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Lack of advice stalling landlords' efforts to make properties greener, says RICS

energy efficiency||energy efficiency

Landlords and industry professionals have been invited to share their thoughts on a new professional standard aimed at helping surveyors provide useful retrofitting advice.

The Royal Institution of Chartered Surveyors (RICS) has launched a consultation on its draft RICS Residential Retrofit Standard for 2023 which will create a framework for members to use when discussing retrofit options.

Results from its recent survey found that 36% of homeowners would not know how to go about making their homes more environmentally friendly, while 78% would find it helpful if their surveyor could offer retrofitting advice when buying a property.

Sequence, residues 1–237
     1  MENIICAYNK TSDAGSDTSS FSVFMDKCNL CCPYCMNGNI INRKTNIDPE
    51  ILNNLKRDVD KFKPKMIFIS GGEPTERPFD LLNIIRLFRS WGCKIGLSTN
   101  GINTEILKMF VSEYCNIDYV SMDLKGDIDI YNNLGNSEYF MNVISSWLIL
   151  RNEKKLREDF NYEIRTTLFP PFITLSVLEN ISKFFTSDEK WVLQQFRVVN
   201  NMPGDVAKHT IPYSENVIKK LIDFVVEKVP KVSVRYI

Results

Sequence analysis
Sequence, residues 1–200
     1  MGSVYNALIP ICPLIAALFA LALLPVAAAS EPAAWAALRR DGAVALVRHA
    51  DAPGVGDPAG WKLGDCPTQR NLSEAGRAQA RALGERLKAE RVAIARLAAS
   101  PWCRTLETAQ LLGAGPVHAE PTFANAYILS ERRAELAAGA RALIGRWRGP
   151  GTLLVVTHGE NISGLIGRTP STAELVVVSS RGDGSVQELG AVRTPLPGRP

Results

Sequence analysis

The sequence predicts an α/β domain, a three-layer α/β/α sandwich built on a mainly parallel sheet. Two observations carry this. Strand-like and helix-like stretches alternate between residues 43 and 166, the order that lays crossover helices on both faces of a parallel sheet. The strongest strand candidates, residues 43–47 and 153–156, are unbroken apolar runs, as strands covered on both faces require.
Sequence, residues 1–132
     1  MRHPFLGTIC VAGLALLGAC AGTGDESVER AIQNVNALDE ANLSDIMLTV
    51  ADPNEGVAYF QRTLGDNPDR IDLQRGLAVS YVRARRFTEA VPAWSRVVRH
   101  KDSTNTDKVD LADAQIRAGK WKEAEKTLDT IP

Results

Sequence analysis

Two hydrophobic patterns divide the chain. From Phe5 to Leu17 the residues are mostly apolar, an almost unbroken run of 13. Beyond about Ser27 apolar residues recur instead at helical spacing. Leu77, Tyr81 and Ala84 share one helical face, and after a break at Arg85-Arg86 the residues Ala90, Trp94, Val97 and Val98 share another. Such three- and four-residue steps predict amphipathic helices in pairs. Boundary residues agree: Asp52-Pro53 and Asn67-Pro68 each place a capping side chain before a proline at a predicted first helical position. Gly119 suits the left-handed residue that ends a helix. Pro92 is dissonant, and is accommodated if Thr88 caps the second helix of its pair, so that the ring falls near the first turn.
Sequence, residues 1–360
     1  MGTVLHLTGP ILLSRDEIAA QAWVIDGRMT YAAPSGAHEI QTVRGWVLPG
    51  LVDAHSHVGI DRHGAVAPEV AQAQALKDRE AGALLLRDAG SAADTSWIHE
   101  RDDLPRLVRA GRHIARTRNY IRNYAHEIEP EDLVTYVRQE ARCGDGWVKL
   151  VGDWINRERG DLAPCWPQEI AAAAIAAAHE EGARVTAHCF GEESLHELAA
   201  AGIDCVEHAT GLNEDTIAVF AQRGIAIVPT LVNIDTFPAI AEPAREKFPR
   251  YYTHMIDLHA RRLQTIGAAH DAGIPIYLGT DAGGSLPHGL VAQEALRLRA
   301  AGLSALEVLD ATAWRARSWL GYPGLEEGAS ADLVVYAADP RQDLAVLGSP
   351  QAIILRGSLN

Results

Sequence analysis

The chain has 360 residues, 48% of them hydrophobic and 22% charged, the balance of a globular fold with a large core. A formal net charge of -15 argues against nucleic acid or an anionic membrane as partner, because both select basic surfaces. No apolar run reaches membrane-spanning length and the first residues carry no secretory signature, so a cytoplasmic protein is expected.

The RICS believes part of the reason why consumers aren't retrofitting their homes is that they don't know where to get advice.


They need the protection of a robust standard which incorporates flexibility and choice, according to the RICS, which believes its standard will offer a bespoke rather than uniform approach.

It says retrofit assessments that don't adequately identify defects will almost certainly result in problems that would diminish the effectiveness of a retrofit or could even result in fundamental issues that require costly resolutions.

Antony Parkinson (pictured), RICS senior property specialist, says UK homes are not as energy efficient as they could or should be. 'This needs to change and we have to act now,'� he adds.

'Improving the energy efficiency needs to be incorporated into the ongoing maintenance of our homes. Efficient homes use less energy which will save money and help save the planet.

'We are developing the new RICS retrofit standard at pace so that RICS members can help customers improve the energy efficiency of their homes.'�

The eight-week consultation '� at - runs until 12th September and the standard should be published by the end of the year.


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